Next week we will debate the second reading of the immigration bill. This will be something like the 6th immigration bill that we have considered in my 14 years in Parliament and it is pretty much the same as all the others. UK Immigration bills are rough variations of two main themes and these are to stop as many people as possible from coming here and to make life as miserable as possible for those that might have made it. This time round the debate will be in the context of the refugee crisis but it is difficult to see that this will in any way temper the traditional themes and debating points to secure the bill’s main objectives.
We live in a globalised inter connected world where the movement of large populations has never been such a feature. International travel has never been easier and hundreds of thousands of people are continually on the move at any one time. It would be difficult to consider the world without this exchange of peoples and countries round the world have been enhanced with the arrival of new migrants. The UK is in fact an international globalised nation and we are a better nation because of that. Just look at London. One of the most successful international cities in the world, one third of the people who live and work in London were born beyond the UK. What has immigration done for us, eh? Immigration has enriched our communities and helped western democracies deal with some of their long term demographic challenges.
And populations have always been on the move. Europe was designed by mass migrations and Scotland is just your common and garden but complex ‘mongrel’ nation. Continents have been entirely re-designed by migration and we are only a few generations away from the completion of both anglo-phone America and its latin southern cousin. Conquerors, colonialists and imperialists, of course, never had any concerns about their immigrations. Immigration is only a issue when it feels like it ‘is being done to us’.
The contemporary political concern over ‘immigration’ quickly took off following the Caribbean immigrations of the 60s and it has raised in volume ever since. To accompany those concerns various attempts to control immigration have been deployed which the next immigration Bill is but one of a sequence. All have been almost total and abject failures and never had any real prospect of success. I remember betting the then immigration minister, Damien Green, a sum of his choice that even his ultra restrictive Government wouldn’t get immigration down to their tens of thousands. Under the Conservatives, and within ‘fortress UK’, immigration has gone up.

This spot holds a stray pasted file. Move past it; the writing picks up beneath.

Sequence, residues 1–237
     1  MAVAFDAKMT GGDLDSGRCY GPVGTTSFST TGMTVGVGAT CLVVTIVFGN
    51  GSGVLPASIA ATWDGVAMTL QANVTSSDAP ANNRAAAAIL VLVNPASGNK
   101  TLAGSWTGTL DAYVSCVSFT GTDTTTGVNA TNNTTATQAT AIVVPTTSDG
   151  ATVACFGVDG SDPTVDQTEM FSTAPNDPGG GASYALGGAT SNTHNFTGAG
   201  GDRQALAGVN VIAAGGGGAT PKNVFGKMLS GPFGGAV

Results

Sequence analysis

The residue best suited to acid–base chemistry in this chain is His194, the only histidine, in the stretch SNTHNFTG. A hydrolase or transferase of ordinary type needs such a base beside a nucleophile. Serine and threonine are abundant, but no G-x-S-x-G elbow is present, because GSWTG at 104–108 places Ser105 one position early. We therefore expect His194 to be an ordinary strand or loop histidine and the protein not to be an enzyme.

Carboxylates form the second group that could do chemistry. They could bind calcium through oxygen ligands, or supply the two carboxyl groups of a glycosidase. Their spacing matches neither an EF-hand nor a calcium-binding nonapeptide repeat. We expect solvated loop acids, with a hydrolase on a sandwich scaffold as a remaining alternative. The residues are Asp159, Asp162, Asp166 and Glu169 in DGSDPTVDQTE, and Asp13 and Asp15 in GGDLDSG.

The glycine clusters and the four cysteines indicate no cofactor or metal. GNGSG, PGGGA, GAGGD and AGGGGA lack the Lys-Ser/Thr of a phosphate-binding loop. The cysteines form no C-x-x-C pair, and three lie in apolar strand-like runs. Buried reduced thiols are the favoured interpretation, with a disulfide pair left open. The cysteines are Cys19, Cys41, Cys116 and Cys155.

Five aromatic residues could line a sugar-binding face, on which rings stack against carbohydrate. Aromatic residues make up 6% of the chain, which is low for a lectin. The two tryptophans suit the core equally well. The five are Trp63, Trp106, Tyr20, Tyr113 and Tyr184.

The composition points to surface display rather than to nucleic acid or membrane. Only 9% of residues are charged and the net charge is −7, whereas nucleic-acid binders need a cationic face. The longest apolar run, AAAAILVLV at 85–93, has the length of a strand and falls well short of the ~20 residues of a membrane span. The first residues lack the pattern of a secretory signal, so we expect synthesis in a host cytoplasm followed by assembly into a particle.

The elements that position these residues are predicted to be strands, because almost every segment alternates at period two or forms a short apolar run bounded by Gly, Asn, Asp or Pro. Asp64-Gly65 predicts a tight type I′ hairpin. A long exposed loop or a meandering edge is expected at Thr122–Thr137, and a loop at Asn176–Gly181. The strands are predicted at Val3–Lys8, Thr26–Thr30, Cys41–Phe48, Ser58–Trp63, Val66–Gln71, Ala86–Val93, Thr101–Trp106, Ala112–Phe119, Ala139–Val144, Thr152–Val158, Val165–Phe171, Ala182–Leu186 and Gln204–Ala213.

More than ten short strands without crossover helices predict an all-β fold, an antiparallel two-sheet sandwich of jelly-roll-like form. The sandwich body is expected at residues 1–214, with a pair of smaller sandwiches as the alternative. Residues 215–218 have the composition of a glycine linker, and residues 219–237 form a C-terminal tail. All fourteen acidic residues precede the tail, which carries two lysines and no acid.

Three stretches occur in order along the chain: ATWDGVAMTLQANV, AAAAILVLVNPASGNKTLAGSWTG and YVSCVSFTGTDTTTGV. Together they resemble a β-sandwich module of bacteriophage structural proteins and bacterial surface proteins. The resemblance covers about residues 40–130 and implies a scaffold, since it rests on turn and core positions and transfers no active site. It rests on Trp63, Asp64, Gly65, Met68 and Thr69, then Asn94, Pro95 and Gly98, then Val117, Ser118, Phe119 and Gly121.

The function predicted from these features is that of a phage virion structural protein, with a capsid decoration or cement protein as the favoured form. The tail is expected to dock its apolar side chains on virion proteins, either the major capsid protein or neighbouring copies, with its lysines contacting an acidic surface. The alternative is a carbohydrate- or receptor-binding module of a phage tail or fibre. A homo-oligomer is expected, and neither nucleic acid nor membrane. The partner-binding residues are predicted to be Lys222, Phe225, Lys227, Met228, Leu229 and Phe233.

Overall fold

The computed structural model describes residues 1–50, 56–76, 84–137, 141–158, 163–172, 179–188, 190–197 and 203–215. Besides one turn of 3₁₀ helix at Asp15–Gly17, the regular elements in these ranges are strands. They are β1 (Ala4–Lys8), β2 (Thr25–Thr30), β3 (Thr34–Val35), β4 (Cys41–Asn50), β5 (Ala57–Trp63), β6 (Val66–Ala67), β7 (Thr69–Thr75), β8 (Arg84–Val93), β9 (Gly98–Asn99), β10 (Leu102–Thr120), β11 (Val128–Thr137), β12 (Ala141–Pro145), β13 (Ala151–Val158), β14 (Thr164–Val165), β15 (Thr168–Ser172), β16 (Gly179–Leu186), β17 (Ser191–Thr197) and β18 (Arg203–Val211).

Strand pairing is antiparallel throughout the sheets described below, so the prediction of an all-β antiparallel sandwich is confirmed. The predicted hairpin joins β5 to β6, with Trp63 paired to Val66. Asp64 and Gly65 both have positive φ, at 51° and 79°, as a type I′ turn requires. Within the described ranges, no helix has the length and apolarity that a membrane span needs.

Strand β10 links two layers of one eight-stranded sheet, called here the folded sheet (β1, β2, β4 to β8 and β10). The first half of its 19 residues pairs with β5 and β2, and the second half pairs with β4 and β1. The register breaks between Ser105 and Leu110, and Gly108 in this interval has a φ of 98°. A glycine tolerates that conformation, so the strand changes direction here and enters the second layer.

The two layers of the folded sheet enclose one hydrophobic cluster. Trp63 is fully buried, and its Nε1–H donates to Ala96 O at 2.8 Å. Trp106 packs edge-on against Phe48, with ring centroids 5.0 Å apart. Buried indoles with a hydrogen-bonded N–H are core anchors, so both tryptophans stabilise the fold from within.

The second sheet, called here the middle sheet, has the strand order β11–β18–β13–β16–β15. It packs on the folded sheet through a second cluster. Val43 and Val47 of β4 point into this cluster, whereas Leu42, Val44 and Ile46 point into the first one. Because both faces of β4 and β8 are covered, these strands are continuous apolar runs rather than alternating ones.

But stopping people moving is only one part of immigration policy. Its other intention is much more subtle and is possibly more successful than its primary purpose. That is its use as a political tool and lightening rod. Immigration is the classic political instrument for political ‘othering’. It can be used as the default reason for all sorts of political problems from poor housing, unemployment and pressures in the health services – as UKIP’s electoral success has demonstrated. There’s nothing quite like having a convenient group to blame for all societies ills and demonised immigrants don’t come any more ‘convenient’.
People are now more obviously and visibly on the move because of current global issues. The Syrian refugee crisis in particular has affected us in a way that no other recent migration has. The dramatic reporting of people fleeing from a bloody civil war has meant that we feel more engaged and determined to help especially when victims are being washed up on the beaches of Europe.
Compare that with others currently on the move just now, the so called ‘economic migrants’. This group do not quite effect the same pathos and this division of good and bad migrants is a feature of the evolving immigration debate. ‘Economic migrants’ as a political term is a relatively new innovation but as a phenomena it is as old as the hills. Economic migration is the main driver of all great historic migrations but it has now emerged as the migration that will now no longer be tolerated. We live in a world where there is an almost grotesque unequal sharing of global resources. Do we seriously believe that people in one half of the world with no or limited access to those resources are going to stay put while observing how the other half live? As we look to the future we can only conclude that even more people will be on the move.
At some point we are going to have to completely review our whole approach to immigration. If it’s more and more about keeping people out then considerably more resources will be required in what will have to be an increasingly militaristic endeavour. But how about addressing the unequal global division of wealth and look at the reasons why people decide to leave their country of birth? And let’s be creative. Enhancing border controls isn’t going to stop people from coming but having a fair system that rewards endeavour and matches ambition and skills just might.
In the meantime there is this immigration bill and after that there will be another immigration bill and more and more people will continue to be on the move.